CNN Chief Quits After 18 Months

NEW YORK -- Walter Isaacson, the head of CNN, stepped down Monday just 18 months after taking the job to restore the pioneering all-news network's ratings dominance that it had lost to upstart Fox News.

The news chief's resignation added to the turmoil at media powerhouse AOL Time Warner, which only 24 hours earlier had seen its chairman, Steve Case, quit.

Isaacson, 50, a veteran Time magazine journalist and biographer of Henry Kissinger, said his resignation was not linked in any way to Case's departure, but he admitted he was never fully comfortable as the head of a TV network.

He will become the head of the Aspen Institute, a Washington-based think tank that counts former AOL Time Warner CEO Gerald Levin among its trustees.

CNN lost its top ratings slot to Fox News last year and Isaacson had spearheaded a revamp of the network's schedule in a bid to stay competitive that placed new emphasis on celebrity anchors such as Connie Chung and Paula Zahn.

But those moves in the middle of a cost-cutting drive upset some veteran CNN correspondents who had helped make the network founded by media maverick Ted Turner a household name.

Isaacson will be replaced in the spring by his deputy Jim Walton, a CNN veteran, who Thompson said could lead a return to old-school style hard news coverage -- if he lasted.

"The pessimistic interpretation is that they'll get rid of him. He's a place holder," Thompson said.

Isaacson's resignation comes the day after Case said he was leaving, after months of criticism of his leading role in the mega-merger of America Online and Time Warner that many investors now view as a failure.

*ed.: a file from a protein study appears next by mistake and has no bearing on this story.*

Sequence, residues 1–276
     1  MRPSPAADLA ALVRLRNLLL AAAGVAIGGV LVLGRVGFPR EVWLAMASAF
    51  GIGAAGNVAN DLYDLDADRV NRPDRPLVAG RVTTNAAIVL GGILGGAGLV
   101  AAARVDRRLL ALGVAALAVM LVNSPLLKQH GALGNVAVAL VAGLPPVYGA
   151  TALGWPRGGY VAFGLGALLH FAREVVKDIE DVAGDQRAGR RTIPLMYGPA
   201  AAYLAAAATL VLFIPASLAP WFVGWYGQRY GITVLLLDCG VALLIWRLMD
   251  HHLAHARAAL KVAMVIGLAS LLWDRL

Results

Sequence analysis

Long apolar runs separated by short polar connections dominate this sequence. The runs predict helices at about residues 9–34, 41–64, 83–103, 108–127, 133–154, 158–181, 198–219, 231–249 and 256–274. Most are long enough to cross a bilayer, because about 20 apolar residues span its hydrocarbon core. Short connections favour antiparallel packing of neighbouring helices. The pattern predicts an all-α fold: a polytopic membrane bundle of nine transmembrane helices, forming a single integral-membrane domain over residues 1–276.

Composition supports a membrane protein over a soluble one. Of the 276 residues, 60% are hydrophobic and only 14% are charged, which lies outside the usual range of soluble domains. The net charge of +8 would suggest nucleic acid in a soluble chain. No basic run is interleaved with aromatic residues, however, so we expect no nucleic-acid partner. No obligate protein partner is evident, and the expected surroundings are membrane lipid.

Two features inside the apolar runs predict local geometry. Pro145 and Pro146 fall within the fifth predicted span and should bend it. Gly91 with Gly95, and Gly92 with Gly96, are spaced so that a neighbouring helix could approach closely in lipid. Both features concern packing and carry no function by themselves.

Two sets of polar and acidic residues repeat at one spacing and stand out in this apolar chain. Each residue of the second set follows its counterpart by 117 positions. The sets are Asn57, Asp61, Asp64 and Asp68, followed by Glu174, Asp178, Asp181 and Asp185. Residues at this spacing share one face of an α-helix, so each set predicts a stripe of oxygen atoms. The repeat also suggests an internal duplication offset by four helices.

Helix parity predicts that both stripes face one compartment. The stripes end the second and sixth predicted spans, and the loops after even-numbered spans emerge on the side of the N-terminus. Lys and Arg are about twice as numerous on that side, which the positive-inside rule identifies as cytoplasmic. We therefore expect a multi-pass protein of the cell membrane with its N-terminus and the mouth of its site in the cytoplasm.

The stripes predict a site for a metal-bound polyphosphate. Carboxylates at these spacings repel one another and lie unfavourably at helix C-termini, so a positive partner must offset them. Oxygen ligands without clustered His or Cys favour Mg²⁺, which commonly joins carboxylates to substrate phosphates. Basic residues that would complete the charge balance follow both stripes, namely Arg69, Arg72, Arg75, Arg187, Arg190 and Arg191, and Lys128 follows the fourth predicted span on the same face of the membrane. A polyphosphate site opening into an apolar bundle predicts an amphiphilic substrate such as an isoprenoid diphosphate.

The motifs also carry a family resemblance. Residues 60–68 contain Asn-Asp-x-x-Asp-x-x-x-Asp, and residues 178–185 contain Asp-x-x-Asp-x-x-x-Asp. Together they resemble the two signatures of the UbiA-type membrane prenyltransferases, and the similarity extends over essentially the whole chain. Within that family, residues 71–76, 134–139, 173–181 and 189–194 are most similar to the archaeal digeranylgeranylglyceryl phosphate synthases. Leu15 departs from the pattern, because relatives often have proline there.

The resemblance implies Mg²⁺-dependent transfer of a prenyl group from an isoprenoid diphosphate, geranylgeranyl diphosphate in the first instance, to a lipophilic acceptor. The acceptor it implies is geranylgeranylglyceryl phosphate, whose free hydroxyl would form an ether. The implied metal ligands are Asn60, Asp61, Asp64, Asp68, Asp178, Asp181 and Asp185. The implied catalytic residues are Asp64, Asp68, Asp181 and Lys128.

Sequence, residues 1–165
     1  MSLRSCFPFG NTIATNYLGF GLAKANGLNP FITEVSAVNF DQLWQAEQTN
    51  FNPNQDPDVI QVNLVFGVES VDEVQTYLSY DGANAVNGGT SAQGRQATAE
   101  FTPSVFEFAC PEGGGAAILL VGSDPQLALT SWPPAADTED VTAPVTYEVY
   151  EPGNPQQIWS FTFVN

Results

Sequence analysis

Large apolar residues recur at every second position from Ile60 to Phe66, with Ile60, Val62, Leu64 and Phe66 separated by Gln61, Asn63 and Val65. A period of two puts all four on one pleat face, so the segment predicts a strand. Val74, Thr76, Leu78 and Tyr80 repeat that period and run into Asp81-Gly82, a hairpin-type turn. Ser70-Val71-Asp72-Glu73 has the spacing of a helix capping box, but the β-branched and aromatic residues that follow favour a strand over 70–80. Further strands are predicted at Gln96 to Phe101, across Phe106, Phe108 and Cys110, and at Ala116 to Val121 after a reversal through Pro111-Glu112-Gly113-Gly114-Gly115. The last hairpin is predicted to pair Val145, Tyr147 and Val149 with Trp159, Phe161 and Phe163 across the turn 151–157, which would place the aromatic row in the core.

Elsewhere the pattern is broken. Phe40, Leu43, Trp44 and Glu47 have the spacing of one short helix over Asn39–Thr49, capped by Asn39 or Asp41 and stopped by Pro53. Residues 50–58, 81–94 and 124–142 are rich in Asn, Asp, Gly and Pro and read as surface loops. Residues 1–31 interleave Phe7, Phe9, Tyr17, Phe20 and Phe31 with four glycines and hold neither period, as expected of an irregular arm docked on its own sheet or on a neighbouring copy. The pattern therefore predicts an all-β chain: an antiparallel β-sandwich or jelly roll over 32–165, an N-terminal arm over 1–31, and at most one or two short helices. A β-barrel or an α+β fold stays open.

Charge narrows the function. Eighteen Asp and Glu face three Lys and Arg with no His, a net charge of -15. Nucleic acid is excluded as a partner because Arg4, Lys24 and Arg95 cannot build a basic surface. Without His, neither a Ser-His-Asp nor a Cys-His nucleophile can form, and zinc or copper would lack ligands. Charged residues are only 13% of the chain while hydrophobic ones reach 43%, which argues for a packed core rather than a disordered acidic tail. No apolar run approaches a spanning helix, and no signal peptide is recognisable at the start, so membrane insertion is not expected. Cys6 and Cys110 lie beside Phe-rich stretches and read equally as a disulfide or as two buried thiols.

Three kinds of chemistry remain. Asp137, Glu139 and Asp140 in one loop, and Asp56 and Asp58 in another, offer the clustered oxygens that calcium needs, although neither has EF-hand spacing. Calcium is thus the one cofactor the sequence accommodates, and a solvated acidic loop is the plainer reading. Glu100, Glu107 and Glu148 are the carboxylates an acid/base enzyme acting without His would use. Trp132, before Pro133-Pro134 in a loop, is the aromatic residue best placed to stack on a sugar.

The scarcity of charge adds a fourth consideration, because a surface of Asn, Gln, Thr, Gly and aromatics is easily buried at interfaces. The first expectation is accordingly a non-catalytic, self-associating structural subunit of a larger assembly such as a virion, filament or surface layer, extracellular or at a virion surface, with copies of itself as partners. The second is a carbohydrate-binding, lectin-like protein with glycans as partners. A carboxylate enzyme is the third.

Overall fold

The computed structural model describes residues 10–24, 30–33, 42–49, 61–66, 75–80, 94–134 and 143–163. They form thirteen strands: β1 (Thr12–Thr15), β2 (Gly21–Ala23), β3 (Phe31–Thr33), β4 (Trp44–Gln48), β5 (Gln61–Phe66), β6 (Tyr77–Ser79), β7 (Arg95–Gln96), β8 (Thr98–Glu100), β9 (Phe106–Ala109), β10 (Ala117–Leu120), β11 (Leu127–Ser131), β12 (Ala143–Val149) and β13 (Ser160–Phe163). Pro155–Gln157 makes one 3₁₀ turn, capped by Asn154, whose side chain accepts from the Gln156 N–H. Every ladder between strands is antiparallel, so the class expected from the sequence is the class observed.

Case, who headed America Online before the merger, was the last of the deal's architects remaining at the top of the company, and his resignation prompted talk that the merger could be unwound.

"I admire Steve Case's decision to put our company and its employees first and am delighted that he will remain on the board and be active, because frankly, we really need his experience and vision," Turner, who ranks as AOL Time Warner's largest individual shareholder, said in a statement.

The company's share price, which has fallen 70 percent since the merger closed in January 2001, rose 15 cents to close at $15.03 on Monday, before Isaacson's resignation was announced.

Jamie Kellner, chairman and CEO of Turner Broadcasting, which operates CNN and other channels such as TBS and TNN, said Isaacson's departure was timed to ensure he would be there to steer CNN into the coverage of a possible war in Iraq.

The resignation also comes at a time when CNN has been in on-and-off talks to merge its news operation with Walt Disney Co.'s ABC News. Most recently, at year-end, AOL Time Warner executives said talks had been on hold.